"It arrived yesterday and we are so excited about it! I spoke with our special education teachers and they are also excited - not only for students who are blind or near blind and read Braille but also for the other students in the MD classes (multiple disabled).  These students in this class suffer from a range of disabilities and the teachers are going to use this as an opportunity to discuss differences and unique challenges.  When we took the book to the classroom today, all of the students were fascinated and intrigued.  Most of the school materials for our partially/fully blind students are audio; however they know how to read Braille (we just didn't have the resources). The teachers are going to spend the last week of school turning this into a lesson about diversity and acceptance and how interesting and exciting each of the students' unique traits are!"

Diversity and acceptance. What better goals could we aim for?

Finally, the Photography II students at the school made a range of posters to advertise the book around the school, and put together this short video to showcase their work. It's worth looking at: there are some great interpretations in there, and some cover designers in the making, I think.

Finally, I want to say a massive thank you to Cathy Wright, Librarian at New College, Worcester for her ongoing advice when I don't know something about the unsighted world, to Lenape High for doing such good work with the book, and to the RNIB for their wonderful act of kindness.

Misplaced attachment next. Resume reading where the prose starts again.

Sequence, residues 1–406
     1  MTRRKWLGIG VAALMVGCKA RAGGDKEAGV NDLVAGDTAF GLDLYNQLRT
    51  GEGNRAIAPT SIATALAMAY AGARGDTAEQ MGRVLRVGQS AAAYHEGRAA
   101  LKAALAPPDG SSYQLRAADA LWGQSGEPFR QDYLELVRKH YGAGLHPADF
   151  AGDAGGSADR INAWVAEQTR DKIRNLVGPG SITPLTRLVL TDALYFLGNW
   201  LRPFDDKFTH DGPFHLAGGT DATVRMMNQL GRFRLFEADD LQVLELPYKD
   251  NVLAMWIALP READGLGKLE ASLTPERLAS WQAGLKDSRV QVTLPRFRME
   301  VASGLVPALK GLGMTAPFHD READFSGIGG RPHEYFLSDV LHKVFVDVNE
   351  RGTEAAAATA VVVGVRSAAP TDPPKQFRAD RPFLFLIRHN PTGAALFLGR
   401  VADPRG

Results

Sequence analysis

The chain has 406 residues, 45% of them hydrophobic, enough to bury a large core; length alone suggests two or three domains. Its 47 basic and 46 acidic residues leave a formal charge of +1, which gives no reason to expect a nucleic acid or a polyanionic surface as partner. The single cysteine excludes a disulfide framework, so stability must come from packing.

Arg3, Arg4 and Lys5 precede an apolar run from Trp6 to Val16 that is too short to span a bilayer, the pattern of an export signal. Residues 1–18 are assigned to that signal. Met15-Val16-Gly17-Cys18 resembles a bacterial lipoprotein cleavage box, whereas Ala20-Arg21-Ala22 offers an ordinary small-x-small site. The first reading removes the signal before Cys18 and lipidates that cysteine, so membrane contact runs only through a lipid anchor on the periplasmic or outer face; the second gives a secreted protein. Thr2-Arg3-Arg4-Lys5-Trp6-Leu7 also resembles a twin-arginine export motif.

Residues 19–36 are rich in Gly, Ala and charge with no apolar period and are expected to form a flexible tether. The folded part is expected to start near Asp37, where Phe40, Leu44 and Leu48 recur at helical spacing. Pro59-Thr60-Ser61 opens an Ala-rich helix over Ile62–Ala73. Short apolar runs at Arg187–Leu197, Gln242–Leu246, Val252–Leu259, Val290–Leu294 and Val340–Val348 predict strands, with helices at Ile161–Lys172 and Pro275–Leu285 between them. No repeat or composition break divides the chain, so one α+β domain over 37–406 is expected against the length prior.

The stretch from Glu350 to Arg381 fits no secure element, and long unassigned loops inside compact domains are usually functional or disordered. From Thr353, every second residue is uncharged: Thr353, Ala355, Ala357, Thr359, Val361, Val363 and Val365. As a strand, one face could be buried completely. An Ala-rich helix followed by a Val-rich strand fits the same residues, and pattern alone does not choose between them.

Wednesday, 29 April 2015

The Ghosts of Heaven numbers

I'm writing this post for those that have read The Ghosts of Heaven and have wondered about the page of numbers at the close of the book. I'm getting emails asking me to explain it, so it seemed a good idea to write this post so that I have somewhere I can direct people to. If you haven't read the book, I wouldn't bother reading on.

This is the page in question:

Most of the people writing to me by email have guessed that it is a code of some sort. To be precise, (and I use all my words very precisely), in cryptographic terms it's not a code, it's a cipher. I have been asked to explain what it means, but I don't want to do that for a number of reasons, the most important of which is, as Stanley Kubrick said, 'You tell people what things mean, they don't mean anything anymore.'

I am interested to find out if anyone can solve it, and how long it takes for that to happen if so, without any help from me. This blog post will be the only thing I have to say on the matter. I am the only person who knows what it means and how to decipher it - not even my editor or closest family know, so the answer will go with me to my grave. If this is irritating, I'm very sorry. One or two people have been rather rude and angry seeming in their emails to me, which I suppose I shouldn't be surprised about. Someone asked me what right I had to put something in a book they couldn't understand. Hmm. There's a worrying thought for you.

Anyway, I will say here what I have said to anyone who has written to me so far.

1 - Yes, it is a cipher.
2 - And yes, it can be deciphered: everything needed to do so is contained in the book.
3 - As I said above, I use my words precisely.